We present a novel and uniform formulation of the problem of reinforcement learning against bounded memory adaptive adversaries in repeated games, and the methodologies to accomplish learning in this novel framework. First we delineate a novel strategic definition of best response that optimises rewards over multiple steps, as opposed to the notion of tactical best response in game theory. We show that the problem of learning a strategic best response reduces to that of learning an optimal policy in a Markov Decision Process (MDP). We deal with both finite and infinite horizon versions of this problem. We adapt an existing Monte Carlo based algorithm for learning optimal policies in such MDPs over finite horizon, in polynomial time. We show that this new efficient algorithm can obtain higher average rewards than a previously known efficient algorithm against some opponents in the contract game. Though this improvement comes at the cost of increased domain knowledge, simple experiments in the Prisoner's Dilemma, and coordination games show that even when no extra domain knowledge (besides that an upper bound on the opponent's memory size is known) is assumed, the error can still be small. We also experiment with a general infinite-horizon learner (using function-approximation to tackle the complexity of history space) against a greedy bounded memory opponent and show that while it can create and exploit opportunities of mutual cooperation in the Prisoner's Dilemma game, it is cautious enough to ensure minimax payoffs in the Rock-Scissors-Paper game.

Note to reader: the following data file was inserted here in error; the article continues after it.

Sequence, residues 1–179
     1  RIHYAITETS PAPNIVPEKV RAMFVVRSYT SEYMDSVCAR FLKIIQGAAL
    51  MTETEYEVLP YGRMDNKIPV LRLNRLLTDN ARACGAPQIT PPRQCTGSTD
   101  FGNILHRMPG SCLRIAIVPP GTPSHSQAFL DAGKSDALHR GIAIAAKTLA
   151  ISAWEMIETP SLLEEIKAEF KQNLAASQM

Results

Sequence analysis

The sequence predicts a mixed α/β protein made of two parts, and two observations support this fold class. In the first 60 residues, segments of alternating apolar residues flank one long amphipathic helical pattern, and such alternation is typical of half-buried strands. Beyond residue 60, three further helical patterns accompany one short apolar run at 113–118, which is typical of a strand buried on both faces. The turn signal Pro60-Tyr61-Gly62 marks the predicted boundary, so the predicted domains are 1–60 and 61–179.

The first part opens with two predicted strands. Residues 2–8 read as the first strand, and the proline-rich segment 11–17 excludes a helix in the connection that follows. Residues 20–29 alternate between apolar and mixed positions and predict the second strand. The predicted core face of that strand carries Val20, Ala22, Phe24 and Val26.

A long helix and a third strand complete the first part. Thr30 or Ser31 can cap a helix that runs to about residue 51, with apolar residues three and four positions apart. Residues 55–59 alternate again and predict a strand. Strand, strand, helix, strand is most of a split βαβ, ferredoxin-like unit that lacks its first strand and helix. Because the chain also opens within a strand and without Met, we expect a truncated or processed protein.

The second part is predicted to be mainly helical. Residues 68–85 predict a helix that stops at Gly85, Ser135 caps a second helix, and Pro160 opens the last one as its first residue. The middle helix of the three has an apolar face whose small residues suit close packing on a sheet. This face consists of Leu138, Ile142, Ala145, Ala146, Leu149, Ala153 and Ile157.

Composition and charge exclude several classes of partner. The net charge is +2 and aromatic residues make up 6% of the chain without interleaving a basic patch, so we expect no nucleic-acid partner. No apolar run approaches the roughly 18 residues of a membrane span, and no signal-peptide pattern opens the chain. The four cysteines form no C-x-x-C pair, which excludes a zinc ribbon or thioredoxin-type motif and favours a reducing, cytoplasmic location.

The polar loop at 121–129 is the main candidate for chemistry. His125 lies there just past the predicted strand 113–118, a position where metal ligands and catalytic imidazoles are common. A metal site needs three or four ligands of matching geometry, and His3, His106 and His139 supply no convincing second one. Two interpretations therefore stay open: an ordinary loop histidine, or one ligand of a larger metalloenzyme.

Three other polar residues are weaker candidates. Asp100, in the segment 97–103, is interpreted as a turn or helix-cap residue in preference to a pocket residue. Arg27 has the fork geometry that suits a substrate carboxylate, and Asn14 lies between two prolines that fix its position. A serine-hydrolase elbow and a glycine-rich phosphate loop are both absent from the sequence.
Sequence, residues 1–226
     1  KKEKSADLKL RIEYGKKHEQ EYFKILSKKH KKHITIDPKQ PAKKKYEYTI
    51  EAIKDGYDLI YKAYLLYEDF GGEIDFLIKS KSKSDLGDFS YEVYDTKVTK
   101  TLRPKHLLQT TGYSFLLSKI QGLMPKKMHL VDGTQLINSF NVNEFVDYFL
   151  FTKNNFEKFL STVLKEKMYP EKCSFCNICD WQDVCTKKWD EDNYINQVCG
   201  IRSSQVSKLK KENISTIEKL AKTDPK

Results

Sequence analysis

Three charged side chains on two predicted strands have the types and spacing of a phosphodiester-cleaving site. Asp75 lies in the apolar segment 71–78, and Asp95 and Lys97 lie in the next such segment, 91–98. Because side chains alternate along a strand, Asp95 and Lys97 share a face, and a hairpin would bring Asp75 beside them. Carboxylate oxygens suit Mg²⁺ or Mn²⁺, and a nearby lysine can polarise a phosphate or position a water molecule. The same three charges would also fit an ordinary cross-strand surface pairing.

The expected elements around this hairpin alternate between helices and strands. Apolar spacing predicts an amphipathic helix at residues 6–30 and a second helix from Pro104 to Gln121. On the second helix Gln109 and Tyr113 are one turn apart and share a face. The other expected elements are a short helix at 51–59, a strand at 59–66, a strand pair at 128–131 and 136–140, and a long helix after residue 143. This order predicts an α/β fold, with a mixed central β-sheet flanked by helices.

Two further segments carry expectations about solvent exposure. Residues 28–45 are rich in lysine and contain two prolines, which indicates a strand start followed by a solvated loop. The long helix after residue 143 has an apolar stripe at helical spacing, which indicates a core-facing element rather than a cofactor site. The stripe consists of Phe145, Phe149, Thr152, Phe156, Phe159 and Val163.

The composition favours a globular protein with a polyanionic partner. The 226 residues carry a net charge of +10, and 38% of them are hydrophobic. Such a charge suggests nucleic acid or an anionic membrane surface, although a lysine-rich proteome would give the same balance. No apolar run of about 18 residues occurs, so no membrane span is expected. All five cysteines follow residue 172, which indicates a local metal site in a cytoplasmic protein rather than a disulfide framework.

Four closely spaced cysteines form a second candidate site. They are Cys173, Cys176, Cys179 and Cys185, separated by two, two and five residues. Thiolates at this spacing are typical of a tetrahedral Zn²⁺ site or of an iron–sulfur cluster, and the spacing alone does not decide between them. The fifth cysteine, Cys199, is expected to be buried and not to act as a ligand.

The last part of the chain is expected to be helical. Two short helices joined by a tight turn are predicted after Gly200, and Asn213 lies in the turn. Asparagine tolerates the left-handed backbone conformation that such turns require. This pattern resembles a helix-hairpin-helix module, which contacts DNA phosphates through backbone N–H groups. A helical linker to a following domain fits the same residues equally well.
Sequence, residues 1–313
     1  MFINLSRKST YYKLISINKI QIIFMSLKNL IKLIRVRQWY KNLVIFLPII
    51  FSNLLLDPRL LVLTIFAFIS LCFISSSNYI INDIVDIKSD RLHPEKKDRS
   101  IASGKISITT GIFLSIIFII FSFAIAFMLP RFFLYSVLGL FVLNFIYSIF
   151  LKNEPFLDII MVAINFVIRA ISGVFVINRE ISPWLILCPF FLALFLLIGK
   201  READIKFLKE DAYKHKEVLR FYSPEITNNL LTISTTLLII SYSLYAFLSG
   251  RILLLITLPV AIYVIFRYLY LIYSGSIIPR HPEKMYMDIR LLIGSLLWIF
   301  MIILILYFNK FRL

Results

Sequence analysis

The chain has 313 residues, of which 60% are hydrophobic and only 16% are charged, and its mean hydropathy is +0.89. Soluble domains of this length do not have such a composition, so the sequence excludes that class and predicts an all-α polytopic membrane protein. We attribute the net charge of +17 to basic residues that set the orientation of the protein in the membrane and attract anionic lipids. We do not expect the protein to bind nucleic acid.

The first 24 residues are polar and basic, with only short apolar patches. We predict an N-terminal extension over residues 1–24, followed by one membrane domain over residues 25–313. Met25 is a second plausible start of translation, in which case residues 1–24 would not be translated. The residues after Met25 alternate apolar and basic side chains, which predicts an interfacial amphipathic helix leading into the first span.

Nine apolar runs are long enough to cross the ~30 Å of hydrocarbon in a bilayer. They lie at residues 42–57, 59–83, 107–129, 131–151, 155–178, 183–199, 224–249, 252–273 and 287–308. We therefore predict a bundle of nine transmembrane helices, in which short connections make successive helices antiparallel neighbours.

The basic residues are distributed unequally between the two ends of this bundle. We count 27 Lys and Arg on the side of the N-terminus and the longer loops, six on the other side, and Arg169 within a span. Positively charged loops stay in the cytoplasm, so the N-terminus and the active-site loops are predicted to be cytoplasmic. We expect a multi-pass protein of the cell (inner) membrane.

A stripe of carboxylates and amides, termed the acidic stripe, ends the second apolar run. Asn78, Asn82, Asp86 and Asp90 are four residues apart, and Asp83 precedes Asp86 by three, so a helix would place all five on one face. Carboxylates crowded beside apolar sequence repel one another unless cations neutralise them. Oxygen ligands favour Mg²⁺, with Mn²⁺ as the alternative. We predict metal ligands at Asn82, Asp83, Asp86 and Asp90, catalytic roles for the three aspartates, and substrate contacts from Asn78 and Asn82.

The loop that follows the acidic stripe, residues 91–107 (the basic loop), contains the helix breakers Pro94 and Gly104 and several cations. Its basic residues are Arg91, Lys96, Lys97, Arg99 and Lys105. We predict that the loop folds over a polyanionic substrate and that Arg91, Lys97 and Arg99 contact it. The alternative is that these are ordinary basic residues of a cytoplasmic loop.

|Number of pages||22|
|Journal||Journal of Experimental and Theoretical Artificial Intelligence|
|State||Published - 1 Jun 2012|
- game theory
- multiagent learning
- reinforcement learning